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Members of the Chumash tribe of the Santa Ynez Valley are currently seeking to acquire over 11,000 acres of non-reservation land, engaging Santa Barbara County officials in a land battle that may set an important legal precedent for land ownership in the state of California.
In addition to 1,400 acres of Santa Ynez Valley land already owned by the Chumash tribe, the Santa Ynez band of this Native American tribe has sought to attain over 11,000 acres of off-reservation land — 9,500 acres of which presently exist under private ownership. The tribe submitted a tribal land consolidation application to the U.S. Bureau of Indian Affairs, in hopes of reclaiming the land. While the BIA has responded by essentially ruling in favor of the Chumash tribe’s request, the Santa Barbara County Board of Supervisors filed an appeal of the BIA decision in a 4-1 vote on September 11. County Supervisor Salud Carbajal was the sole source of opposition and the County is now looking to state and congressional representatives to reverse the BIA’s approval.
Without notifying the public, the Chumash Tribe submitted their application for the land — which included a request for a Tribal Consolidation and Acquisition Area Plan (TCA) spanning 11,500 acres that was approved by the BIA. The land in question covers part of the Santa Ynez Valley and includes the previously purchased Camp 4, a 1,400-acre plot of off-reservation land that Chumash officials hope to place in a federal trust through a Fee-to-Trust (FTT) application.
Placing the land into a trust would exempt the land from not only the tax base, but also state and local governmental regulation. Existing law allows FTT land to be used for housing, economic development, self-determination and land within a TCA. If granted, the Chumash trust would include more land than all of the off-reservation FTT acres in California that existed between 2001 and 2011 and there is no process for reversal once the trust is solidified.
The Chumash tribe’s Government Affairs and Legal Officer, Sam Cohen, explained that filing the TCA shows the tribe’s historical ties to the land. However, the TCA does not ensure that they will be granted an FTT for the area.
“Both Camp 4 and the current reservation are within the TCA, which documents the ties of the Chumash people to its land and represents an aspirational goal to restore the lands to the tribe,” Cohen said. “The tribe asserts historical territorial claims from Malibu to Atascadero. The TCA approval is merely the bureau recognizing the tribe’s ties to the history and College Rancho.”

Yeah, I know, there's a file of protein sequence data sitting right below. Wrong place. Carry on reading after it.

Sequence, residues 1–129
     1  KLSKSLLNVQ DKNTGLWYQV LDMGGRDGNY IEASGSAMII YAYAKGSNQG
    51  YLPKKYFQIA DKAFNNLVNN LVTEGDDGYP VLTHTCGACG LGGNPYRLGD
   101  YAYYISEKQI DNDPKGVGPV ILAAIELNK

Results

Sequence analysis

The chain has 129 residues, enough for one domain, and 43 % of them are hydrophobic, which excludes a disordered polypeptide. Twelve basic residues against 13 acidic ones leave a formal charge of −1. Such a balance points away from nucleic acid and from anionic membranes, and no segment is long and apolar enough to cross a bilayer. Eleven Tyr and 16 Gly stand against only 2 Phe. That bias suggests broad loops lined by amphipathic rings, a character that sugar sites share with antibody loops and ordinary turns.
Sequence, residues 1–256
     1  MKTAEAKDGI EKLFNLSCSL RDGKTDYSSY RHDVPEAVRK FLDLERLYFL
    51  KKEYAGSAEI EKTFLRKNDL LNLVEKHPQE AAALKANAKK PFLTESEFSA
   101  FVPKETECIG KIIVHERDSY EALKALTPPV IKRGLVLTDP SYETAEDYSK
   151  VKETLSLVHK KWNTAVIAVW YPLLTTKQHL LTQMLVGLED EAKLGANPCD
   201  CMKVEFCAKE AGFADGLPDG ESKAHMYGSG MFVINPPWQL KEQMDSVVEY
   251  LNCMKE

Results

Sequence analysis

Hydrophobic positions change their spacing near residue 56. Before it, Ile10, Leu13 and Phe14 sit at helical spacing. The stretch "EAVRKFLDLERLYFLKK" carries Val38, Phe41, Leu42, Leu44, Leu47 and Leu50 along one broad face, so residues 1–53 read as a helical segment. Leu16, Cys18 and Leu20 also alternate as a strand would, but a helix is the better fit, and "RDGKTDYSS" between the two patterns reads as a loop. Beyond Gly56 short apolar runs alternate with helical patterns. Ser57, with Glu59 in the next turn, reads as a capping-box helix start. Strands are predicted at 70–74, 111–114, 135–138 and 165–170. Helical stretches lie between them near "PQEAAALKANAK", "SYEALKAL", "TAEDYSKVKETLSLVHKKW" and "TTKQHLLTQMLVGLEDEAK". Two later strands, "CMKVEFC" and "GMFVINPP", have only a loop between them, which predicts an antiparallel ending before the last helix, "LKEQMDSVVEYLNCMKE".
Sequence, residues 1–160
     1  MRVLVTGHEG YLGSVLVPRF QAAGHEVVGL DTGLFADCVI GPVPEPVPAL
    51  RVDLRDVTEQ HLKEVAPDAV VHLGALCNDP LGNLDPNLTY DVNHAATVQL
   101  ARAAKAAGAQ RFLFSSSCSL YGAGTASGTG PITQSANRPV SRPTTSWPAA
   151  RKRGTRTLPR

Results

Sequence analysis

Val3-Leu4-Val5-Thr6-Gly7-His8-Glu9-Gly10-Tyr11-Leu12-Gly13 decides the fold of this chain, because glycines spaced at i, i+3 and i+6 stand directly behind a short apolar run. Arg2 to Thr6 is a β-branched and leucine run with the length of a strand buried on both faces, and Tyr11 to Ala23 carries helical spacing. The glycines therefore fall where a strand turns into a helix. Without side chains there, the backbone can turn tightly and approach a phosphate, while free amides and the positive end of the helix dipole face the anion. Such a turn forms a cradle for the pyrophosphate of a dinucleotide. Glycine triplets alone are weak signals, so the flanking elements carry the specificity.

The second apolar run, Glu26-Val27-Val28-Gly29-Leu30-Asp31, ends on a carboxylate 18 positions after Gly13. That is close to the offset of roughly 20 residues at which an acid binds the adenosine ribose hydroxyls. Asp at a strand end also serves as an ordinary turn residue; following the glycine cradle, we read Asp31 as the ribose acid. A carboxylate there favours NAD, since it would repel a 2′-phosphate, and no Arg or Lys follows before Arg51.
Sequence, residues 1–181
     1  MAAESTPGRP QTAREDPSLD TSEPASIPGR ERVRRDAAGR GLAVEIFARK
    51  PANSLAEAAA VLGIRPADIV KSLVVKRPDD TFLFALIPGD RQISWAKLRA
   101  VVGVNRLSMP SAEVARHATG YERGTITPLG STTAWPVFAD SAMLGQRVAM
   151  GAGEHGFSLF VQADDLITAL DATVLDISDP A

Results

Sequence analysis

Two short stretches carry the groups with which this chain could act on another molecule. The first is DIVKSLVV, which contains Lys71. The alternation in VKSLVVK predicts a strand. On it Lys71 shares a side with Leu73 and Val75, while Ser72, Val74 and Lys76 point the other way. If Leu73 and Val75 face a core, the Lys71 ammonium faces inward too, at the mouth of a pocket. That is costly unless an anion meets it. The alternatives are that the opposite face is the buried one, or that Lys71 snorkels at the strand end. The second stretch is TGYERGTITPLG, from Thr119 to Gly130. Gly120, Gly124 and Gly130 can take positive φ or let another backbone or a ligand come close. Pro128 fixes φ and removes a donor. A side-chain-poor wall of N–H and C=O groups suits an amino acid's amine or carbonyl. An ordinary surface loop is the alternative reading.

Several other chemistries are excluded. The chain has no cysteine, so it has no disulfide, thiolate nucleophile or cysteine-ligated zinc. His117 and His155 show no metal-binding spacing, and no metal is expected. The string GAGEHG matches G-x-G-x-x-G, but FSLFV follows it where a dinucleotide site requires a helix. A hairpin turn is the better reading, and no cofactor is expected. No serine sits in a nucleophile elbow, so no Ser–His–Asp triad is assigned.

Through approving the TCA, the BIA recognizes the tribe’s request to refer to all of the land included in the consolidation plan as “on-reservation” land, which facilitates the transition to FTT. Although the consolidated land is still not technically “on-reservation,” the Federal Government’s land acquisition policy 25 C.F.R. 151.3 (a) states that “tribal consolidation areas [are] to be both on-reservation and adjacent lands, with respect to acquisition for trust purposes.”
Susan Jordan, director of the California Coastal Protection Network, expressed concern over the permanence of consolidation, as the tribe would then exercise unlimited control over the land and its development.
“People are concerned because we are talking about a huge swatch of land covering large ranches and wineries transferring to a FTT,” Jordan said. She also said that the land would not necessarily be subject to state law or government control if put in the hands of the Chumash tribe. “Going through the trust, the state and government lose any regulatory control over the land. The tribe is not subject to the same rules as everyone else,” Jordan said.
The land consolidation has the potential to negatively affect the Santa Ynez community, according to Jordan, who said the “core issue” in this property dilemma is “land regulation.” She said such negative effects would stem from the lack of government regulation facing the land areas that could potentially be acquired by the Chumash tribe.